Inclusion, the noun, is defined as “the action or state of including or of being included within a group or structure,” and this is the word that most creative people of color are using to describe the continued issue they face within the inner circles of Hollywood. That is the lack thereof and therefore the understanding of the word and the need for inclusion.
“It’s more about inclusion than diversity,” stated award-winning producer Effie T. Brown (“Dear White People” and the upcoming “Flyy Girl”). “That’s what I explained to the creative team at HBO when they hired me for the rebooted ‘Project Green Light,’ and my film crew reflected that word, which was a stark contrast to the people who were the decision makers at the network.”
That word was also what Cheryl Boone Isaacs, president of the Academy of Motion Picture Arts and Sciences, shared with me in the early 1990s, when she was head of publicity at Paramount Pictures. It was because of her passion for training young people and demonstrating inclusion that I became a unit publicist.
This year, the Academy of Motion Picture Arts and Sciences extended their invitations to join the organization to 322 artists and executives who have distinguished themselves by their contributions to theatrical motion pictures. Those who accept the invitations will be the only additions to the Academy’s membership in 2015.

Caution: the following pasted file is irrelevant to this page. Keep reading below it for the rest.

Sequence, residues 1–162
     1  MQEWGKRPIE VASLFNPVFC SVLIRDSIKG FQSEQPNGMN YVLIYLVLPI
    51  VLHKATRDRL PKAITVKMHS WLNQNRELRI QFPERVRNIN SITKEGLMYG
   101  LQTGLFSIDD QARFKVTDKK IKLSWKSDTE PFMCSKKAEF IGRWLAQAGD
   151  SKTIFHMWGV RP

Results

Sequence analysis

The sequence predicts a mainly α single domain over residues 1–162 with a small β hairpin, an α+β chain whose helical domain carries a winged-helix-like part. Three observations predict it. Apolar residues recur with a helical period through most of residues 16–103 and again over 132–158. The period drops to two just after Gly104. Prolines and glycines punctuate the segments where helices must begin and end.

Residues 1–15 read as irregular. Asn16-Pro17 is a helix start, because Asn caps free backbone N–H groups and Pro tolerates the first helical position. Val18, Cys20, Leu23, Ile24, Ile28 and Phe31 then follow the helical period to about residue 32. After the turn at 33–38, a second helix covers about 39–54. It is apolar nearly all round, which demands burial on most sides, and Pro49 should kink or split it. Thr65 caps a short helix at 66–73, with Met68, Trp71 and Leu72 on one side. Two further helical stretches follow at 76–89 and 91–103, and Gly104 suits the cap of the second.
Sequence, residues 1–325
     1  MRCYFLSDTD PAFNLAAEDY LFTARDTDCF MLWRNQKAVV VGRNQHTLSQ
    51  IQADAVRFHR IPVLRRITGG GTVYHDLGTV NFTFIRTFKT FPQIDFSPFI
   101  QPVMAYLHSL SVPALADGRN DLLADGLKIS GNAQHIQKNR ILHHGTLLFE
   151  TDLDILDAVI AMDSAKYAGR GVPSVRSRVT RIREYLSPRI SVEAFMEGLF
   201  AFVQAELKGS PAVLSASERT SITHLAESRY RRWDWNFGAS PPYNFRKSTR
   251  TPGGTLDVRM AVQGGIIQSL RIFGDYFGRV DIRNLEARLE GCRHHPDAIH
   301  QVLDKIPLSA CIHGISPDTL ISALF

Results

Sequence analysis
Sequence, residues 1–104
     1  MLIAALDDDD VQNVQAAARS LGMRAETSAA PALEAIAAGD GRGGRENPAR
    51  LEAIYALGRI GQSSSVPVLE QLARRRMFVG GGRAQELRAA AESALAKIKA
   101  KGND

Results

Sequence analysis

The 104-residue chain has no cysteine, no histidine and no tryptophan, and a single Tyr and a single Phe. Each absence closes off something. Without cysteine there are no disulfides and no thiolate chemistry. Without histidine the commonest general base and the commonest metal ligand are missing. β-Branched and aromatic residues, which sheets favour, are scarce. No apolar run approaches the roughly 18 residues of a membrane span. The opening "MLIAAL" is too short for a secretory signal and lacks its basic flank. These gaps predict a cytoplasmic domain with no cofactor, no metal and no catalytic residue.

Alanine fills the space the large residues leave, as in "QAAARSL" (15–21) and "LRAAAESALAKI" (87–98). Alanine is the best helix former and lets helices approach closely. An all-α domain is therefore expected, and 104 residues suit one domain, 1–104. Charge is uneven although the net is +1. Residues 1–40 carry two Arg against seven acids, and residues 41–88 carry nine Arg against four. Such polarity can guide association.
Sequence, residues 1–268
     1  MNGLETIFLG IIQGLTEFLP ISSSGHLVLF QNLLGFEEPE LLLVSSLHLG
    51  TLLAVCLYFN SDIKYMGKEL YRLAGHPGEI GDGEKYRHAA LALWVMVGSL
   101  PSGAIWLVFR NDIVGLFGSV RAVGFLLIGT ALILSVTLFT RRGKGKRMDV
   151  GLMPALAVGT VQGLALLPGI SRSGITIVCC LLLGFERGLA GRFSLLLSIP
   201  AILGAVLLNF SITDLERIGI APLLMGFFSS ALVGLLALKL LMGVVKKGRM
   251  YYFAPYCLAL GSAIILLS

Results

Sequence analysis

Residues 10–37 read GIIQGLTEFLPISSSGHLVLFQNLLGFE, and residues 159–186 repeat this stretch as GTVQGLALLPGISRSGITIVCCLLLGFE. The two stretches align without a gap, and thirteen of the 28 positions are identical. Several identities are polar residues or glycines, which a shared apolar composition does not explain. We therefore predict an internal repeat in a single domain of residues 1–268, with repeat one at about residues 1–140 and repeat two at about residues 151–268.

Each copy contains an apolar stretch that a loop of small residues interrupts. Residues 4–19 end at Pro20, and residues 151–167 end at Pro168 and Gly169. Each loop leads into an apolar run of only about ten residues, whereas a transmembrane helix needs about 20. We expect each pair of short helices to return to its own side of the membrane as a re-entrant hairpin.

“It’s gratifying to acknowledge the extraordinary range of talent in our industry,” said Isaacs. “This year, our branches have recognized a more diverse and inclusive list of filmmakers and artists than ever before, and we look forward to adding their creativity, ideas and experience to our organization.”
I’m happy to share that some of the 322 include Choi Min-sik (“Lucy,” “Oldboy”), Gugu Mbatha-Raw (“Beyond the Lights,” “Belle”), David Oyelowo (“Selma,” “A Most Violent Year”), Dev Patel (“The Best Exotic Marigold Hotel,” “Slumdog Millionaire”), Song Kang-ho (“Snowpiercer,” “The Host”), Aisha Coley (“Selma,” “Beyond the Lights”) and Mary Hidalgo (“The Lego Movie,” “The Incredibles”) as well as producers Caroline Baron (“Capote,” “Monsoon Wedding”), Effie T. Brown (“Dear White People,” “Real Women Have Curves”), Terence Chang (“Warriors of the Rainbow: Seediq Bale,” “Face/Off”)
Jeremy Kleiner (“Selma,” “12 Years a Slave”) and Dan Lin (“The Lego Movie,” “Sherlock Holmes”).
“In the last two years, we’ve made greater strides than we ever have in the past toward becoming a more diverse and inclusive organization through admitting new members and more inclusive classes of members,” Isaacs said. “And, personally, I would love to see and look forward to see a greater cultural diversity among all our nominees in all of our categories.”
Isaacs and the Academy are keeping their promise. Hello, “Hollywood Green-lighters,” please pay attention. Inclusion is good for the bottom line, and frankly it’s good for every line in between.